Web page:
Rapid pacing of embryoid bodies impairs mitochondrial ATP synthesis by a calcium-dependent mechanism—a model of in vitro differentiated cardiomyocytes to study molecular effects of tachycardia

Lorenz Schild, Alicja Bukowska, Andreas Gardemann, Pamela Polczyk, Gerburg Keilhoff, Michael Täger, Samuel C Dudley, Helmut U Klein, Andreas Goette, Uwe Lendeckel
Biochimica et Biophysica Acta 2006, 1762 (6): 608-15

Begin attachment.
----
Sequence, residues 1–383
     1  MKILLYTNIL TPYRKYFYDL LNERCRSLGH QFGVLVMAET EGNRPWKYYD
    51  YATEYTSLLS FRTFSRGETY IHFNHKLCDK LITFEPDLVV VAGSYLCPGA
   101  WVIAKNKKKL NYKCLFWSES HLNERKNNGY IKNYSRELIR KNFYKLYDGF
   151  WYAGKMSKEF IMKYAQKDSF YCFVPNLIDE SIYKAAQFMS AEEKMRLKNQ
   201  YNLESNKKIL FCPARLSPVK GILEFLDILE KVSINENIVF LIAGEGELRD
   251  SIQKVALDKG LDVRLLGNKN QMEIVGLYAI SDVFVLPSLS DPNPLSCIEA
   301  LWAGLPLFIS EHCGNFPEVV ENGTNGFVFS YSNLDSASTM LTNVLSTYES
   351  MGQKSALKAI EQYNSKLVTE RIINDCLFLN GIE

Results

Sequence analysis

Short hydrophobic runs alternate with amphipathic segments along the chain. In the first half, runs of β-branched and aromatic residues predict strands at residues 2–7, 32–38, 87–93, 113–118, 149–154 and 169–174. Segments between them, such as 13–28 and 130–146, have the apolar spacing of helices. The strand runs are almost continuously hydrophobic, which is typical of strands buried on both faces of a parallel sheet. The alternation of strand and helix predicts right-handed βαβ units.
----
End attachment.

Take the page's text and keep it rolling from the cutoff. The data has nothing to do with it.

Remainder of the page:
Tachycardia may cause substantial molecular and ultrastructural alterations in cardiac tissue. The underlying pathophysiology has not been fully explored. The purpose of this study was (I) to validate a three-dimensional in vitro pacing model, (II) to examine the effect of rapid pacing on mitochondrial function in intact cells, and (III) to evaluate the involvement of L-type-channel-mediated calcium influx in alterations of mitochondria in cardiomyocytes during rapid pacing. In vitro differentiated cardiomyocytes from P19 cells that formed embryoid bodies were paced for 24 h with 0.6 and 2.0 Hz. Pacing at 2.0 Hz increased mRNA expression and phosphorylation of ERK1/2 and caused cellular hypertrophy, indicated by increased protein/DNA ratio, and oxidative stress measured as loss of cellular thiols. Rapid pacing additionally provoked structural alterations of mitochondria. All these changes are known to occur in vivo during atrial fibrillation. The structural alterations of mitochondria were accompanied by limitation of ATP production as evidenced by decreased endogenous respiration in combination with decreased ATP levels in intact cells. Inhibition of calcium inward current with verapamil protected against hypertrophic response and oxidative stress. Verapamil ameliorated morphological changes and dysfunction of mitochondria. In conclusion, rapid pacing-dependent changes in calcium inward current via L-type channels mediate both oxidative stress and mitochondrial dysfunction. The in vitro pacing model presented here reflects changes occurring during tachycardia and, thus, allows functional analyses of the signaling pathways involved.

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